The principal characters by which steel may be distinguished from iron, are as follows:
1. After being polished, steel appears of a whiter light gray hue, without the blue cast exhibited by iron. It also takes a higher polish.
2. The hardest steel, when not annealed, appears granulated, but dull, and without shining fibres.
3. When steeped in acids the harder the steel is, of a darker hue is its surface.
4. Steel is not so much inclined to rust as iron.
5. In general, steel has a greater specific gravity.
6. By being hardened and wrought, it may be rendered much more elastic than iron,
7. It is not attracted so strongly by the magnet as soft iron. It likewise acquires magnetic properties more slowly, but retains them longer; for which reason, steel is used in making needles for compasses and artificial magnets.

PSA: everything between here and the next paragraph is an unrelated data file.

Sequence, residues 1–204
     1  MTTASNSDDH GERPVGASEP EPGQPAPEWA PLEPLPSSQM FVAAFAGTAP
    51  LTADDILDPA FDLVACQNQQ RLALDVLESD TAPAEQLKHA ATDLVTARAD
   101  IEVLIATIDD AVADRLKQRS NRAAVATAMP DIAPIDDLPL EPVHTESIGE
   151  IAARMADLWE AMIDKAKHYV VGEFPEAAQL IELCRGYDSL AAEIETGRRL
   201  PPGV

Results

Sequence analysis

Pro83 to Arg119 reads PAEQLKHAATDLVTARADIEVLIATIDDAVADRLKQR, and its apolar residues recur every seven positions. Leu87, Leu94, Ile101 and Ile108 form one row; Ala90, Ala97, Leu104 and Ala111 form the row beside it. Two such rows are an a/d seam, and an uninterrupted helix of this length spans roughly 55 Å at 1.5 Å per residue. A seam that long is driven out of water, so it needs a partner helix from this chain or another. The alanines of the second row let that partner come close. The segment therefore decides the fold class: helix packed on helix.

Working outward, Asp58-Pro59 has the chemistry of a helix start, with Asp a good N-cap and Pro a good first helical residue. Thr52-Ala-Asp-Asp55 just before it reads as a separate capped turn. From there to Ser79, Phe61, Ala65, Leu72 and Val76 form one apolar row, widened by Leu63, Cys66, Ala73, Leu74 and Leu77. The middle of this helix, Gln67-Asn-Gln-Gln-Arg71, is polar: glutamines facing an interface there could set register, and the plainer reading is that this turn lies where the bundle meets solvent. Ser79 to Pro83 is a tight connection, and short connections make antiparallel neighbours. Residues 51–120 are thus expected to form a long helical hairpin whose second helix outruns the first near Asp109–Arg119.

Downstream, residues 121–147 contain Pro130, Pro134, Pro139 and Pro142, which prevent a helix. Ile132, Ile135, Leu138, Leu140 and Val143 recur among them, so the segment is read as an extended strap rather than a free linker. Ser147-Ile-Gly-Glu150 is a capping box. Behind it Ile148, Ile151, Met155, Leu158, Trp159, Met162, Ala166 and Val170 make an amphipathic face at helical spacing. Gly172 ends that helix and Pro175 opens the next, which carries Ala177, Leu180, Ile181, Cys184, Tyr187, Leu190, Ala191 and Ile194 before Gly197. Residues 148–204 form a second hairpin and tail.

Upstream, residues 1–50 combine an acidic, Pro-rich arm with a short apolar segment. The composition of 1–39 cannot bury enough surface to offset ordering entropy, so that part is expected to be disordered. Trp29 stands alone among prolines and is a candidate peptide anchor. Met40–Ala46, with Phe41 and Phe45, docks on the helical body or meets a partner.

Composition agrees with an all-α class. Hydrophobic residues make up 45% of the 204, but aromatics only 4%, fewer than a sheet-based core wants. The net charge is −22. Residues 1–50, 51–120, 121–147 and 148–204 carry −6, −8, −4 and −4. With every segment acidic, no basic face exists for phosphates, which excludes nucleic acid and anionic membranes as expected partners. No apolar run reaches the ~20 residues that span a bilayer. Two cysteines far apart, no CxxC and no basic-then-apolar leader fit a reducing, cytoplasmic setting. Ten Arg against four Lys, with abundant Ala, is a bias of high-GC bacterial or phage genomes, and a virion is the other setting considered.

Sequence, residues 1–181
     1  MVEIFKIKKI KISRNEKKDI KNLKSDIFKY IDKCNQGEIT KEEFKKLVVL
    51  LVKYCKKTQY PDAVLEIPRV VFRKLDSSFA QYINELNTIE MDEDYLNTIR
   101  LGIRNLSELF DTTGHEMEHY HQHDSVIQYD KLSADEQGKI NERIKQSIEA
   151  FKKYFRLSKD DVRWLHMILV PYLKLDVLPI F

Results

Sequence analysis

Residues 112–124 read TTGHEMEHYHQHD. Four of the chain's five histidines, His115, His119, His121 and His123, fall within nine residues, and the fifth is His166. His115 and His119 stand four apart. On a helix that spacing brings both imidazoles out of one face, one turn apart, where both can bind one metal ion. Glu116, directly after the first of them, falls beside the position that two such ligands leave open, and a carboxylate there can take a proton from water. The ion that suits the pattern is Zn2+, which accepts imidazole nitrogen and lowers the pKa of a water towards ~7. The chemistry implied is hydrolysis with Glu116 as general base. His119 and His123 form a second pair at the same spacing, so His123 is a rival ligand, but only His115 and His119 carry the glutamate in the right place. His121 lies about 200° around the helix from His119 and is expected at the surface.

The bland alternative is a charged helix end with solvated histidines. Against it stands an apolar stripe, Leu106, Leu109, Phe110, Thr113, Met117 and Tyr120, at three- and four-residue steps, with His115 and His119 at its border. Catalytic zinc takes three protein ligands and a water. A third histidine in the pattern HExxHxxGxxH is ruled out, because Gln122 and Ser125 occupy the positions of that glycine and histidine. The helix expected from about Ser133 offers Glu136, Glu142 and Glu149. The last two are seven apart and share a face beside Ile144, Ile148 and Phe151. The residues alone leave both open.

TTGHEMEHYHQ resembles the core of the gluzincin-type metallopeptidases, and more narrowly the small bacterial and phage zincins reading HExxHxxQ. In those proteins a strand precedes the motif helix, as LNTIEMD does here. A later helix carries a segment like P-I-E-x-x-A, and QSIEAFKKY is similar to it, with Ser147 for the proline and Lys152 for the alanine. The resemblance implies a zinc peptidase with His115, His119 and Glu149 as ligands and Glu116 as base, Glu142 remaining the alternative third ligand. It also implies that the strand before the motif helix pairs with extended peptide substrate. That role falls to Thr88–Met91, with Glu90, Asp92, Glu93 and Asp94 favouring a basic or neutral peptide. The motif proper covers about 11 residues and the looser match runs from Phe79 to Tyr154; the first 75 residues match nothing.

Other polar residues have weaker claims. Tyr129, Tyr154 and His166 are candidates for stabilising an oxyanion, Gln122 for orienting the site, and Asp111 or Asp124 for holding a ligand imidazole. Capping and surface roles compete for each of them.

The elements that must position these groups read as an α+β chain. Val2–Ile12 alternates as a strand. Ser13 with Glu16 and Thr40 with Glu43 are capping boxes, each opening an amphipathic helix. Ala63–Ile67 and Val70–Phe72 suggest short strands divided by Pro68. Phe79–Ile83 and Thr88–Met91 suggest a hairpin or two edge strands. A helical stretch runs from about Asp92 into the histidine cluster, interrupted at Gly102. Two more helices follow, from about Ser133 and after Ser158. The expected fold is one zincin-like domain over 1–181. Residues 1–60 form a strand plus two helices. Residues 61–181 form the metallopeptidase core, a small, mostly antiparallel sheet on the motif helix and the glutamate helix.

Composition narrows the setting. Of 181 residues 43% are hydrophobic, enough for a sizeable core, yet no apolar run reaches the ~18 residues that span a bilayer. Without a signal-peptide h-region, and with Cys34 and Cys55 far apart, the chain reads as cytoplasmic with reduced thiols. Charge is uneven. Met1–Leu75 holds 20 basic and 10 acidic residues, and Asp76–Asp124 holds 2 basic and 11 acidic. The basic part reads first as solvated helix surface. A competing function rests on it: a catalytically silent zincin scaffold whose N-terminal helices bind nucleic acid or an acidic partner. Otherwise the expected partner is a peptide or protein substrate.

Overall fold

8. Steel is ignited sooner, and fuses with less degree of heat than malleable iron, which can scarcely be made to fuse without the addition of powdered charcoal; by which it is converted into steel, and afterwards into crude iron.
9. Polished steel is sooner tinged by heat, and that with higher colors than iron.
10. In a calcining heat, it suffers less loss by burning than soft iron does in the same heat, and the same time. In calcination a light blue flame hovers over the steel, either with or without a sulphurous odor.
11. The scales of steel are harder and sharper than those of iron and consequently more fit for polishing with.
12. In a white heat, when exposed to the blast of the bellows among the coals, it begins to sweat wet, or melt, partly with light-colored and bright and partly with red sparkles, but less crackling than those of iron. In a melting heat, too, it consumes faster.
13. In the sulphuric, nitric, and other acids steel is violently attacked, but is longer in dissolving than iron. After maceration, according as it is softer or harder, it appears of a lighter or darker gray color; while iron on the other hand is white.
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